The academic year begins with an induction week when students are introduced to the university and full-time students choose their elective modules. (Part-time students can enrol in modules close to the time they wish to take a module).
Modules are taught on an intensive five day basis, with classes running from approximately 9 to 5 Monday to Friday over the course of a single week. All modules require students to do individual study in preparation for the intensive week (readings and in some cases a pre-class assignment) and each module includes a post-taught component assignment.
All students are allocated a personal tutor who acts as a liaison between the student and the University.
During the second semester, students begin to focus on their dissertations, with a series of seminar events held to help students focus their ideas and make a start. Students are free to choose their own dissertation topic, with most students choosing topics related to issues or ideas encountered in the taught modules or in a professional context which relates to environment or sustainability. Each student is allocated a dissertation superviser to help guide them through the dissertation process.
The structure of our programmes follows clear educational aims that are tailored to each programme. These are all outlined in the programme specifications which include further details such as the learning outcomes.
Modules listed are indicative, reflecting the information available at the time of publication. Please note that modules may be subject to teaching availability and/or student demand.
Optional modules for Year 1 - FHEQ Levels 6 and 7
Students are to take four optional modules.
Unstructured (2-5 years)
Optional modules for Unstructured (2-5 years) - FHEQ Levels 6 and 7
Students are to take four optional modules.
Each module on this programme is taught on an intensive modular basis. There is pre-reading to do for each module and on occasion a pre-module assessment, followed by the intensive taught week where classes run from approximately 9 - 5, Monday - Friday for one week. Post-module coursework is to be completed over the four week period after the intensive week.
Learning and disability
We have two services, Academic Skills and Development and Additional Learning Support (ALS) which can help develop your learning.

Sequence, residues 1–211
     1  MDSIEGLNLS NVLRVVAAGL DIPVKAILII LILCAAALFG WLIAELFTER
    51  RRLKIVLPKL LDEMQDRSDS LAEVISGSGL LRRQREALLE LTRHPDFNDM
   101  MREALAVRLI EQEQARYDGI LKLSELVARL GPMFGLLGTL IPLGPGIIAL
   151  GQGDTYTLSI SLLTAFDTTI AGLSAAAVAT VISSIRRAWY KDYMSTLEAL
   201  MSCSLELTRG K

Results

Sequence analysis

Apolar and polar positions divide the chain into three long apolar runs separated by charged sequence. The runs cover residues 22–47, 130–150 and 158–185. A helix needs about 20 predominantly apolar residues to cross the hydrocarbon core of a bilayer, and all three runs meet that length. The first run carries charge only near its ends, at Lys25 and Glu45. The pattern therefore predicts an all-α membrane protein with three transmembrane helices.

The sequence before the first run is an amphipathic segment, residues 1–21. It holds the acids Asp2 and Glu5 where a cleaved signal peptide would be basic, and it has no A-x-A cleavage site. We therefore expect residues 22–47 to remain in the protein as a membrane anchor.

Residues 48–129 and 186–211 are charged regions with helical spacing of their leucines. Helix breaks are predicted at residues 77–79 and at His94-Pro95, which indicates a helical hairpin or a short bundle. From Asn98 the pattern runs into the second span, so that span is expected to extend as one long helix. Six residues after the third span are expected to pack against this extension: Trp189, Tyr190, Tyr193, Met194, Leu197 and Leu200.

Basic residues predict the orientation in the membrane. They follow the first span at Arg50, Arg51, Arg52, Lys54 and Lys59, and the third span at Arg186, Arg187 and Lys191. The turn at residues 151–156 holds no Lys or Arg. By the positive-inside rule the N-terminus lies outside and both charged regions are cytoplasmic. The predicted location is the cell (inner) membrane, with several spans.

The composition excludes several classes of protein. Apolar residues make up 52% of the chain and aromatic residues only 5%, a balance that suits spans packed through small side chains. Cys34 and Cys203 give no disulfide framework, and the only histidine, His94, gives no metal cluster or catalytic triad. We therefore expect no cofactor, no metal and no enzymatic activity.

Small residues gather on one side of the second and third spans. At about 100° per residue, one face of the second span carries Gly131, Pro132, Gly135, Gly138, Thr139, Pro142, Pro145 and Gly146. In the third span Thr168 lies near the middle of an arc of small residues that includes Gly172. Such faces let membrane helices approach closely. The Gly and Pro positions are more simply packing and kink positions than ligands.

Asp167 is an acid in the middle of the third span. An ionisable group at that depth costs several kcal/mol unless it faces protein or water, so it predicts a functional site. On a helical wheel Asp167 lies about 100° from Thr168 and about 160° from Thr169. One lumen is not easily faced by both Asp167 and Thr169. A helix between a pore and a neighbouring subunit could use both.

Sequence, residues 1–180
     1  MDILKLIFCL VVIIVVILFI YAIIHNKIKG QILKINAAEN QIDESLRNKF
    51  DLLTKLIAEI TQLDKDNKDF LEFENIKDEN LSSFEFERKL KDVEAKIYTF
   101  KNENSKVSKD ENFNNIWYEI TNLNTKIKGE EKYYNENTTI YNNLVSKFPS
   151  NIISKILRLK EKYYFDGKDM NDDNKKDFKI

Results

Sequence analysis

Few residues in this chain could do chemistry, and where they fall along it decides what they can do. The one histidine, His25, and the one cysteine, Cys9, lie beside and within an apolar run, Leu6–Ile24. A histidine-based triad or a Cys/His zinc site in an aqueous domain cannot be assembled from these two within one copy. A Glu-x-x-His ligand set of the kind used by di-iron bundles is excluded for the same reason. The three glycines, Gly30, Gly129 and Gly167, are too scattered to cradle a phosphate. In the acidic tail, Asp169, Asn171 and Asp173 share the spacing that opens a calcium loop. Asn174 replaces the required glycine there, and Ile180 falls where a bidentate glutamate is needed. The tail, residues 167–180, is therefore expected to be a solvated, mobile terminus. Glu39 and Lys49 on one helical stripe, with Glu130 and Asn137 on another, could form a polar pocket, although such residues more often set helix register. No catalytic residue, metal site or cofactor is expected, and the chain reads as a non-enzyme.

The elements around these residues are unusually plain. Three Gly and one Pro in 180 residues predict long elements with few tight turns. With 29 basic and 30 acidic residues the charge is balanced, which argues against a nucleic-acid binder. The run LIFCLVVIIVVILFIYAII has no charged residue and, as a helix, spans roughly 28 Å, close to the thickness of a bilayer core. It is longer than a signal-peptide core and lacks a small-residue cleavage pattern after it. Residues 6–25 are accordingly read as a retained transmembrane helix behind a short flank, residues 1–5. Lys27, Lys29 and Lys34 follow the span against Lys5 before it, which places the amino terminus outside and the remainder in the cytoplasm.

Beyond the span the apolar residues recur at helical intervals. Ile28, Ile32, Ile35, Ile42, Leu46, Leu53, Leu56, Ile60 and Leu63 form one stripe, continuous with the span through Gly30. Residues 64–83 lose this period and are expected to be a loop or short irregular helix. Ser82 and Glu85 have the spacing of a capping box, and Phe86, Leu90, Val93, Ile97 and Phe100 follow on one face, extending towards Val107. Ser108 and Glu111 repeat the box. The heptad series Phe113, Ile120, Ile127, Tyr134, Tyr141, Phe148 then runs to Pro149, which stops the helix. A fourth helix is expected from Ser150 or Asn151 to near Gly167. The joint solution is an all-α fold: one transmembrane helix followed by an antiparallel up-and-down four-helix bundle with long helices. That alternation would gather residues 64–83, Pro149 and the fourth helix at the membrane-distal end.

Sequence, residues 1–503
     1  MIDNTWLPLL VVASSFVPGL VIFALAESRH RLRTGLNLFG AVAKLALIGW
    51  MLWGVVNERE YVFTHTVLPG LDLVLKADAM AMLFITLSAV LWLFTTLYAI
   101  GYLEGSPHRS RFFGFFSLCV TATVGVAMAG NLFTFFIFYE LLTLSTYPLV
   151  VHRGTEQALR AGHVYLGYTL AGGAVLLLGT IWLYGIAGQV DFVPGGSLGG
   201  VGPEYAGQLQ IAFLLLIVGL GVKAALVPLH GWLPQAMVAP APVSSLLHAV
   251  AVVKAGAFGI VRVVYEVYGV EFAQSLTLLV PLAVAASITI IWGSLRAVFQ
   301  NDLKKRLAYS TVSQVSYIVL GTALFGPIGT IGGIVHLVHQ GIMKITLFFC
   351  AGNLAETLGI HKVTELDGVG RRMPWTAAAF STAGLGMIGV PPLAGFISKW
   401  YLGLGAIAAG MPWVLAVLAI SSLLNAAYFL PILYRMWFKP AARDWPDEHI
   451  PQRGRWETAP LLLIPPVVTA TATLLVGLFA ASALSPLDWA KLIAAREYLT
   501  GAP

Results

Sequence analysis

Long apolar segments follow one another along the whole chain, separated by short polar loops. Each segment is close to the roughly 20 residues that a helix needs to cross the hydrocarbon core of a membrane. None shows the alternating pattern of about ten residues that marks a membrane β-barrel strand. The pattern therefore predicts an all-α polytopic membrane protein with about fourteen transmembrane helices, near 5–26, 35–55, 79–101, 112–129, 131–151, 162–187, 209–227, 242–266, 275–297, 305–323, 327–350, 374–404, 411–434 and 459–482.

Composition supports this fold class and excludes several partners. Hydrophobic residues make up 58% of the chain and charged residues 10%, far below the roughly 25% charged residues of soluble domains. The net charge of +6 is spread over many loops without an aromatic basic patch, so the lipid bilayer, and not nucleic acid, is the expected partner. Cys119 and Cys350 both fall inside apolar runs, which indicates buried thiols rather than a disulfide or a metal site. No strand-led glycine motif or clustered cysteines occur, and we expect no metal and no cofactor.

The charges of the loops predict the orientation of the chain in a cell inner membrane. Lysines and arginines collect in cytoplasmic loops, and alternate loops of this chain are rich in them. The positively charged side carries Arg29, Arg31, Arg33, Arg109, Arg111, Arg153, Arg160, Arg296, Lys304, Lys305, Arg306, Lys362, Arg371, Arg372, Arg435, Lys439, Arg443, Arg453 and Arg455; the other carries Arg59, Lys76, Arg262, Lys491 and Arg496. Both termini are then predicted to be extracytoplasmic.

Academic Skills and Development
Academic Skills and Development is a learning space in the Library where our learning development team is based. It comprises dedicated Student Learning Advisers and Information Skills Librarians who can help you develop your academic and research skills, including writing, presenting, revision and critical thinking.
Find out more about the study support available.
Additional Learning Support
Additional Learning Support (ALS) is the University of Surrey’s disability and neurodiversity service. The ALS team supports students with disabilities, long-term health conditions, specific learning differences (such as dyslexia and dyspraxia) and other neurodiverse conditions (including autism spectrum and attention deficit disorder).
If you tell us about any conditions and register with us, we can give you appropriate support during your studies.
We can arrange exam and learning support adjustments, give advice on applications for the Disabled Students' Allowance, and test you for dyslexia and dyspraxia. We can also offer regular study skills and mentoring support.
See the Additional Learning Support website for more information.
A minimum of a 2:2 UK honours degree, or a recognised equivalent international qualification.
Relevant work experience may also be considered.
View entry requirements by country
English language requirements
IELTS Academic: 6.5 overall with 6.0 in Writing and 5.5 in each other element.
View the other English language qualifications that we accept.
If you do not currently meet the level required for your programme, we offer intensive pre-sessional English language courses, designed to take you to the level of English ability and skill required for your studies here. The University of Surrey is also an IELTS test centre.
The University of Surrey recognises that many students enter their higher education course with valuable knowledge and skills developed through a range of professional, vocational and community contexts. If this applies to you, a process called recognition of prior learning (RPL) may allow you to enter your course at a point appropriate to your previous learning and experience, or to join the start of a course without the formal entry requirements. This means that you may be exempt from certain elements of study in the course for which you have applied and be awarded credit based on your previous qualifications/experience. There are restrictions on RPL for some courses and fees may be payable for certain claims.
Please see the Code of practice for recognition of prior learning and prior credit: taught programmes (PDF) for further information. Please email Admissions with any queries.
|Study mode||Start date||Placement||UK/EU fees||Overseas fees|
- These fees apply to students commencing study in the academic year 2019-20 only. Fees for new starters are reviewed annually.
- If you are on a two-year full-time Euromasters or MFA programme, or a two-year or three-year part-time masters programme (excluding modular/self-paced/distance learning), the annual fee is payable in Year 1 and Year 2 of the programme.
There are associated costs with this programme:
- Commuting (local travel expenses): Unable to specify amount - Some optional modules are taught at City University, which requires travel to London for each day of the intensive taught week.
Grand total: Unable to specify amount.
Scholarships and bursaries
Surrey International Scholarship for Engineering and Physical Sciences 2019 entry
Find out more